Body-only prices for the EOS 5D IV listed on Australian re-sellers’ sites when this update was published ranged from AU$4999 to AU$5300 and upwards of $7299 for the EF 24-70mm f/2.8L II USM lens kit. Canon USA has the body listed at US$3499 (roughly equivalent to AU$4625 when this review was posted) and the body plus EF 24-70mm f/4L IS USM Kit at US$4399 (approx. AU$5810). It also lists a body plus EF 24-105mm f/4L IS II USM Kit at US$4599. Online re-sellers in the US appear to be sticking with Canon’s MSRPs for both body and body+lens kits ““ at least until the camera starts to ship from 8 September.
Image sensor: 35.9 x 23.9 mm CMOS sensor with 31.7 million photosites (30.4 megapixels effective)
Image processor: DIGIC 6+
A/D processing: 14-bit (Canon original RAW 2nd edition)
Lens mount: EF (excludes EF-S / EF-M lenses)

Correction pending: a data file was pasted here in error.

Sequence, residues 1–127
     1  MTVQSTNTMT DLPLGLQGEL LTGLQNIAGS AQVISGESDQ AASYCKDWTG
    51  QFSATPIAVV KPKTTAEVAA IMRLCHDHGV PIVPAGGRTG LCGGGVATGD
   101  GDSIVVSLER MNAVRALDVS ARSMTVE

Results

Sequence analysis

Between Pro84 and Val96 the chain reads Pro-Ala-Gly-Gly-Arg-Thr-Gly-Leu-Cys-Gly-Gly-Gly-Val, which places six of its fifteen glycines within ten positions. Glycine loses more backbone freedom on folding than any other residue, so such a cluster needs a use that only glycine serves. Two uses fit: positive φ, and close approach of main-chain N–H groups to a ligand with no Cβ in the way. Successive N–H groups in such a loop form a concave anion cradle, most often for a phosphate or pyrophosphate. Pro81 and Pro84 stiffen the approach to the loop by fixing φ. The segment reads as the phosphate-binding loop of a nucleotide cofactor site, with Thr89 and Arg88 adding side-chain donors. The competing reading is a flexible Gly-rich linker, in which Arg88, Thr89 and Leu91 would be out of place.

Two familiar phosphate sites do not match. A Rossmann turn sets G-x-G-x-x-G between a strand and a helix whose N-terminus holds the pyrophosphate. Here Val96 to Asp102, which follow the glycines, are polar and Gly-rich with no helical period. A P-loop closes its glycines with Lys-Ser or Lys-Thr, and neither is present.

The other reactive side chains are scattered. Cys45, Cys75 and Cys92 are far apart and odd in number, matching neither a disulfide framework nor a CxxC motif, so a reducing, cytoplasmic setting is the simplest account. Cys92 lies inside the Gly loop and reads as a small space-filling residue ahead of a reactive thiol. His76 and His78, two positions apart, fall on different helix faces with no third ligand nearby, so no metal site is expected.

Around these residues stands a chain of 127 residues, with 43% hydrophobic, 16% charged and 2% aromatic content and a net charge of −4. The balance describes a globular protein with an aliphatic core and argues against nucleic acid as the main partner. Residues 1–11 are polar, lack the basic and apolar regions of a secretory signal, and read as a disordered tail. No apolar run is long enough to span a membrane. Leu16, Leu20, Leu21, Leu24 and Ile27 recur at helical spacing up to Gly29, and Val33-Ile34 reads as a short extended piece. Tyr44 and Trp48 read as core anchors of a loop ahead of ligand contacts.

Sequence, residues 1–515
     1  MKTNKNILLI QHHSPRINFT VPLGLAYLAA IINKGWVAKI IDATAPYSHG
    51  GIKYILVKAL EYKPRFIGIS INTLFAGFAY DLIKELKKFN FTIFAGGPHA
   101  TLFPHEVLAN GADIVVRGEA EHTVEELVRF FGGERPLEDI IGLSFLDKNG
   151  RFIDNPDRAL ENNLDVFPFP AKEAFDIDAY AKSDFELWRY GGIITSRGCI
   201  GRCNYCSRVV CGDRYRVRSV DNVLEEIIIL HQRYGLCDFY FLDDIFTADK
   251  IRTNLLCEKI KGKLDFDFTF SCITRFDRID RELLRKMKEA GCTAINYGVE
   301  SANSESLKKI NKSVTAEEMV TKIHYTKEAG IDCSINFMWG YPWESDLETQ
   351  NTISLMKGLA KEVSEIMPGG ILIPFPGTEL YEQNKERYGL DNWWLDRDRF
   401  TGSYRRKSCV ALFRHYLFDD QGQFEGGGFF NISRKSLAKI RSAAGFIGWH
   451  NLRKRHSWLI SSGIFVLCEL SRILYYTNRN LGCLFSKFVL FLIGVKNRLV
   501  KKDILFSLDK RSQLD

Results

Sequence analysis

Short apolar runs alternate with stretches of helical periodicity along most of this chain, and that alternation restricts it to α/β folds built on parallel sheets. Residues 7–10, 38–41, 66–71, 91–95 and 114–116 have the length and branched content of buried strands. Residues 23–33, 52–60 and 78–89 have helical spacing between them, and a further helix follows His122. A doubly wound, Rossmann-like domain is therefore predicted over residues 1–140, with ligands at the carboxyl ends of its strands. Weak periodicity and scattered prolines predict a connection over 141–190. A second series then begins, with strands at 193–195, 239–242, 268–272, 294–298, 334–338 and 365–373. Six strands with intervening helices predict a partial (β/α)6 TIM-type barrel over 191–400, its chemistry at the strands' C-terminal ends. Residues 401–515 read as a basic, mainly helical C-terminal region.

Focal length crop factor: Equivalent to 1.0x the focal length of the lens
Image formats: Stills: JPEG (DCF Ver. 2.0, Exif Ver.2.3, MPF Baseline compliant), CR2.RAW, M-RAW, S-RAW, RAW+JPEG; Movies: MOV Video: 4K – Motion JPEG (internal recording only), Full HD – MPEG4 AVC / H.264 variable (average) bit rate, Audio: Linear PCM
Image Sizes: Stills ““ 6720 x 4480, 4464 x 2976, 3360 x 2240, 1920 x 1280, 720 x 480; Movies: 4K (17:9) – 4096 x 2160 at 30/25/24 fps; Full HD (16:9) – 1920 x 1080: 50/30/25/ 24 fps (inter- or intra-frame), or 1920 x 1080 HDR 30/25 inter-frame or lite inter-frame; HD -1280 x 720 at 120/100fps intra-frame
Image Stabilisation: Lens based
Dust removal: EOS integrated cleaning system
Shutter (speed range): Electronically-controlled focal-plane shutter (30-1/8000 sec. in 1/2 or 1/3 stop increments plus Bulb); X -synch at 1/250 sec.
Exposure Compensation: +/- 5EV in 1/3EV or 1/2EV steps; can be combined with AEB (+/-EV for movies)
Exposure bracketing: +/-3 EV in 1/3 or 1/2 stop increments
Other bracketing options:
Self-timer: 2 or 10 seconds delay
Focus system: 61 point TTL-secondary image-forming phase-difference detection system with dedicated AF sensor; max. of 41 cross-type AF points inc. 5 dual cross type at f/2.8
and 61 points / 21 cross-type AF points at f/8
Focus modes: One Shot; AI Servo AF (AI Servo AF III+)